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150th Pennsylvania Infantry - Bucktail Wounded at Spotsylvania

Item LTR-10218
February 22, 1864 George A. Dixon
Price: $220.00


Original Civil War soldier's letter. 4 pages, written in period ink.

Camp of the 150th Regiment Pennsylvania Volunteers
Culpeper, Virginia

February 22nd 1864

My Dear Wife,

I set down to write these few lines to you hoping that they will find you well as they leave me at present. For I have been blessed with good health since I wrote to you last.

My dear wife, since I wrote to you last, we have had a division review on the 16th and we had inspection on 19th and Brigade review on the 21st. But I was not on the Brigade review. As I got excuses by the lieutenant. As I wanted to go over to the 121st Regiment Pennsylvania Volunteers for to see Mr. Tibben, who had come on from Frankford to see his son. And he is a going to try and get down to see you when he comes home. And then he can tell you how I am better than I can write to you. For he can tell you how I look and that is what I can’t do in my letters. And he will start for home either today or tomorrow. And I think that he will be home by the time that you get this letter.

Mary, I forgot to tell you in my last letter that I was not on the march down to Raccoon Pond, but I was on picket and I was on for four days without being in camp. But I would sooner be on picket than to march this time of the year. While I was over to see Mr. Tibben, I saw Samuel Cove. And he was well and he is right fat and hearty. There was some others that I have seen. But you don’t know them. And some that I know was out on picket.

Mary, I would like you to send me another pocket comb. For the one that you sent me is broke and I would like it to be a horn comb. For they will last so much longer than the Indian rubber combs. For they are not so brittle.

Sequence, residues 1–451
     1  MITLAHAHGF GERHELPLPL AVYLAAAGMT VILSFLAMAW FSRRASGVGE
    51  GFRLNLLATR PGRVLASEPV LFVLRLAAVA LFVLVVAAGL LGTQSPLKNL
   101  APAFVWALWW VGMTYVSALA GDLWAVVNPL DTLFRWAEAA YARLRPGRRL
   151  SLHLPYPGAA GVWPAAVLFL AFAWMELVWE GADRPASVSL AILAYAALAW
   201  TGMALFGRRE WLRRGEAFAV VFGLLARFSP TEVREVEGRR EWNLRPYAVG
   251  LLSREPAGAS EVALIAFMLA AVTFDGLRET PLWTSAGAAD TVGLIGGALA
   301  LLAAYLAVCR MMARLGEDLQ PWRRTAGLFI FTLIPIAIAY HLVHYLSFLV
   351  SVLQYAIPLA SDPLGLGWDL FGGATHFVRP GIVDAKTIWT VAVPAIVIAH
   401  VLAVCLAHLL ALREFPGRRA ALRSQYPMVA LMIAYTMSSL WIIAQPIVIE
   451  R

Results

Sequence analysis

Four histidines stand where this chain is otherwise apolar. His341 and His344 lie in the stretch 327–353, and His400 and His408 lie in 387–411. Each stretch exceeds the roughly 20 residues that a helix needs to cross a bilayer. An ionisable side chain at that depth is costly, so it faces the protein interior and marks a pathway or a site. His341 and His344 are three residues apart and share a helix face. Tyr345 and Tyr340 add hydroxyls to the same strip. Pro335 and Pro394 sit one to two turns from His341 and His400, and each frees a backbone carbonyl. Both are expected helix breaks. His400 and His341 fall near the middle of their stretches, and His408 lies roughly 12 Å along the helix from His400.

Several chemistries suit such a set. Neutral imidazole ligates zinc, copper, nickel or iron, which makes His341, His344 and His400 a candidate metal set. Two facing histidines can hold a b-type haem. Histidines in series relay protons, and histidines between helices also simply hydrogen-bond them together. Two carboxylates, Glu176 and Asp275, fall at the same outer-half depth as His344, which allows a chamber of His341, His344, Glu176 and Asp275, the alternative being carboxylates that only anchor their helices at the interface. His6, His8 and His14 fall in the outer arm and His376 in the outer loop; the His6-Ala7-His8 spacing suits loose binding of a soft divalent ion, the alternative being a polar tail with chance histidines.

My dear wife, you must give my love to my father and others and let them know how I am. And also, to your father and the rest of the family, and let them know how I am getting along. And tell your sister Emma that when she gets married, that I want some of the wedding cake. For it would taste very good at the present time. For we get hard crackers, salt pork, fresh bread and fresh meat, which is beef. And I think that she is mean or she would send me something down while I can get it. Some of the others are getting boxes from their young lady friends and I think that there is patriotism in enough in the young ladies of Frankford not to be beaten by others. And again, the Germantown boys said that they was a going to write to young ladies in Spencer’s Mill to send them a box. If your sister Emma does get up a box, I don’t want her to get it up expressly for me. But for the company for there is but few of us now left.

Give my love to Louise and Robert Chadwick and let them know how I am getting along. And give my love to all inquiring friends and let them know how I am getting along. And receive my best and purest love for yourself. So, no more at present.

From your affectionate husband,

George A. Dixon

A kiss for yourself and the children.